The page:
There was also no shortage of memorable signs either. A few of my favorite were, "You run better than Metro," "Run for Narnia," "Good job (your name)," and the ever clever, "Who Farted?" which was held by someone shouting, "I know it was you!"
It was a beautiful day for a run and there were some great things to be seen along the way. I snapped this photo as I ran past the Washington Monument.
One thing I wish I had known before the race is that DC is hilly. The 10 mile loop that I do outside on the weekends is at sea level, and thus, really freaking flat. Sure, I have done a few hills exercises on the treadmill, but not nearly enough to be prepared for what lay ahead of me.
I remember turning a corner around mile 5 and seeing a massive wall of people climbing up ahead of me. It was moving to see that many people on the city's streets, but also terrifying to think, that is going to be me in less than a minute.
I took advantage of a hill around the halfway point to move to the side and break out my Honey Stinger Organic Energy Chews. I had brought Fruit Smoothie flavor along for the run and my sister was hanging onto Pink Lemonade for me at the finish line.
I moved to the right and fell to a quick walk as I threw them back, all the while climbing this hill. At the top of the hill, I picked up the pace and started moving again. Little did I know that my sister and husband were at the top of this hill desperately searching the throngs of people for me to go by. I didn't see them, nor they me. Though we later found out through video evidence that we were there at the same time. More on that to come later...
I felt strong until around mile 10. I think the hills and the lack of sleep were finally starting to take their toll on me. I refused to walk on flat roads, and chose strategically when to walk (ie. Gatorade station, long hills). By the time I got to the mile 13 marker, my Garmin 305 had me an extra quarter mile along, which was very frustrating. A friend of mine recommended after the race that he starts his watch a quarter mile into the race to avoid the frustration of thinking you are farther along than you actually are.
Also frustrating, was that the finish line was at the top of a long, slow, gradually inclining hill. It was murder. I was begging for it to be over. Then finally, the end was in sight.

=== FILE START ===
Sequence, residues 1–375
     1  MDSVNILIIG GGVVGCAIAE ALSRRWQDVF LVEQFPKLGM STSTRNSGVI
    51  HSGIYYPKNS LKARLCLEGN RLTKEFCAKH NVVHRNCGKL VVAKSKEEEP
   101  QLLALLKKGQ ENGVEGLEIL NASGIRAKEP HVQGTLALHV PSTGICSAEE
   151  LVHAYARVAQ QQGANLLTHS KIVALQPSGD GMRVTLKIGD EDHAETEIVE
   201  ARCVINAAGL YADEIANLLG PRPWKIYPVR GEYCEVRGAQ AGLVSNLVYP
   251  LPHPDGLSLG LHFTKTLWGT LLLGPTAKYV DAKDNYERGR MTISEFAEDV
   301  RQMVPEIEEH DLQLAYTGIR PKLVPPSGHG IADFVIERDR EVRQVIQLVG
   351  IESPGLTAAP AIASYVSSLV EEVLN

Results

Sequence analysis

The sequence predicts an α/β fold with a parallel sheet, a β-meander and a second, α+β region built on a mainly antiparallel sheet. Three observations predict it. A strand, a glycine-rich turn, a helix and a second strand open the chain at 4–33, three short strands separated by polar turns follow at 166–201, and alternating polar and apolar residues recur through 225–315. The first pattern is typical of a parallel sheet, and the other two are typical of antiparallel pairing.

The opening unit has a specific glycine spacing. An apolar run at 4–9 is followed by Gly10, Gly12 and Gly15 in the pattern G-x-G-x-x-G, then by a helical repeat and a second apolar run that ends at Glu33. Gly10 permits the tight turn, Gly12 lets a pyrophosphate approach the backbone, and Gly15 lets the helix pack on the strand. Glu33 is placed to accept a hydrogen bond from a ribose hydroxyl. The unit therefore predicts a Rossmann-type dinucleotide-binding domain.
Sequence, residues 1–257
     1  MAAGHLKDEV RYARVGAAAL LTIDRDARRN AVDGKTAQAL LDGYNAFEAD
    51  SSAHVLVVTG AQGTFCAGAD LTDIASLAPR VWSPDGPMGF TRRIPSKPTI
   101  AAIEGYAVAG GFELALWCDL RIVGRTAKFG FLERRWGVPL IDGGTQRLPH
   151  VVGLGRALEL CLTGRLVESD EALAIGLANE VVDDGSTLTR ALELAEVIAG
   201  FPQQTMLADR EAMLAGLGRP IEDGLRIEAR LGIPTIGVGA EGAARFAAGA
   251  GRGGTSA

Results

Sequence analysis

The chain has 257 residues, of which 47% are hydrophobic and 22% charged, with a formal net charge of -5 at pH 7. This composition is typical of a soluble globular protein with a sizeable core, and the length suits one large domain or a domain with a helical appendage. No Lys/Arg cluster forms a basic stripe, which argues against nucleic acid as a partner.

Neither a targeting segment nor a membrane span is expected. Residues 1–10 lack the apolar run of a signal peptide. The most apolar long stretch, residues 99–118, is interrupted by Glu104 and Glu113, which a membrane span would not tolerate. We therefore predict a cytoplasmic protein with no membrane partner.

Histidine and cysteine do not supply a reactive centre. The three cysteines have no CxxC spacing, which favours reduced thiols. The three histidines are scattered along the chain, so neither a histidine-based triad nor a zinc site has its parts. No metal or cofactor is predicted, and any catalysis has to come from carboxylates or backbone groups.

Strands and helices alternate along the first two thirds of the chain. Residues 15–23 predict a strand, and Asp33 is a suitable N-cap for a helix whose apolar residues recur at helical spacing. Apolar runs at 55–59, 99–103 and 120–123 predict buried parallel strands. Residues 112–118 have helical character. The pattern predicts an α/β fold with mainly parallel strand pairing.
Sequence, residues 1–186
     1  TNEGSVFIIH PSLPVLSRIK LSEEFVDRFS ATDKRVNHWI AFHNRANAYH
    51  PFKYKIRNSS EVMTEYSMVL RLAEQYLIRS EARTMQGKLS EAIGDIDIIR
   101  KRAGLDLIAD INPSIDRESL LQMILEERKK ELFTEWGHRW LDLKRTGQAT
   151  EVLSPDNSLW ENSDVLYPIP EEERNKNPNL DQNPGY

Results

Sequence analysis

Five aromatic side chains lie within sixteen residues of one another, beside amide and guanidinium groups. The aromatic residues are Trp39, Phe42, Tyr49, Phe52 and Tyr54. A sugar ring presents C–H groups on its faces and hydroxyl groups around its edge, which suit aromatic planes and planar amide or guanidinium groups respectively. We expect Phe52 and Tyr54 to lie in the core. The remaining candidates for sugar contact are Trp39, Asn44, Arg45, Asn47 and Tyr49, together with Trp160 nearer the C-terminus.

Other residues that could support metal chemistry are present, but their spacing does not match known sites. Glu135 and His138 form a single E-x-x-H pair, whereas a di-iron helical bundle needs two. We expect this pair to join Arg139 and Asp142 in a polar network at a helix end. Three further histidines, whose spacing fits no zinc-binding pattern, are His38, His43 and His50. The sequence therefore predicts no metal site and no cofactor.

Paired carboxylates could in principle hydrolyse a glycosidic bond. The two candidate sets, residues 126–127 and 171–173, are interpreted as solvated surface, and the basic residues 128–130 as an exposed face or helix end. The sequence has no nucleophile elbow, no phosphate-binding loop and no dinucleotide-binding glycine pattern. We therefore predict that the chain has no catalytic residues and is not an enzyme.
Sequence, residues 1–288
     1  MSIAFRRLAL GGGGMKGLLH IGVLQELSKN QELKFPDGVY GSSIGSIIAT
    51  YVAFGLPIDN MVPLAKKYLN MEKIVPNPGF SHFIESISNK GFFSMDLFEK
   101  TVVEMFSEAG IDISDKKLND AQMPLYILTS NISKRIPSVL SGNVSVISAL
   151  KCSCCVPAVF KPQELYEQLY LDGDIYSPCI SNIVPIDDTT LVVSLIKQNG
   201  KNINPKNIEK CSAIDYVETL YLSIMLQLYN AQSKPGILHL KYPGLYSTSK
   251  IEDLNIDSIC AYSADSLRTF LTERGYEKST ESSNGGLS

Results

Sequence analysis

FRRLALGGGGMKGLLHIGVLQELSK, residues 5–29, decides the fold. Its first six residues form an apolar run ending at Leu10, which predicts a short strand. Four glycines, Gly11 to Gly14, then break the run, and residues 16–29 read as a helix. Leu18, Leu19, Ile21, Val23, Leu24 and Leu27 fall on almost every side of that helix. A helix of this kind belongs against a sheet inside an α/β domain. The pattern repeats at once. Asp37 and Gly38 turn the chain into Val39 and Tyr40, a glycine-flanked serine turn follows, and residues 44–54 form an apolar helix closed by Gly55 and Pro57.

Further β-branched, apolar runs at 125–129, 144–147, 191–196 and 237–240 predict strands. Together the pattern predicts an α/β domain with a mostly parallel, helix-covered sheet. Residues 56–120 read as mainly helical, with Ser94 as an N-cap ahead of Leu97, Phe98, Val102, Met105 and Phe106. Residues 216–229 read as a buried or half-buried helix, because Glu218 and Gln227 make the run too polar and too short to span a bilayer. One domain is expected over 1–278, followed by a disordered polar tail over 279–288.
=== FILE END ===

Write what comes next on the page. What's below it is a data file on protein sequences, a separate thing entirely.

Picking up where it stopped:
As I said earlier, when I crossed that finish line, there was an unbelievable wave of mixed emotions.
I felt accomplished. I had finished the race, and under my goal time of 2:15:00. My official finish time was 2:13:19. All the months of training and hard work had paid off.
I was relieved that it was over. No more hills! But I regretted that I was not better prepared for the hills, and that I had walked at all; believing I would have been capable of running the distance on a flat course just fine. I started to feel slightly disappointed in myself, thus creating the urge to start all over again.
I was so caught up in my emotions, that I nearly did not hear my husband calling my name as I came to the end of the nourishment zone where he was waiting for me with roses.
Now, a few things that I have taken away from this race:
- Always have a group of people to support you, especially on your first race.
- Plan accordingly if you are going to use public transportation.
- Always train for the worst case scenario (hills).
- Crowd support is an amazing thing.
The one thing I can say about the Rock 'n' Roll Marathon event organizers is that they did a fantastic job. I had some reservations going into it having read some bad reviews from previous races, but they were all wiped clean after the event. The race and expo were both very well organized. The race started on time and there were no shortages of volunteers, water, or support. On top of all these positives, Switchfoot put on an amazing performance at the finish line party.
Best of all, after this great experience, hubby says he wants in on the next go round. So now, I'm off to find our next half...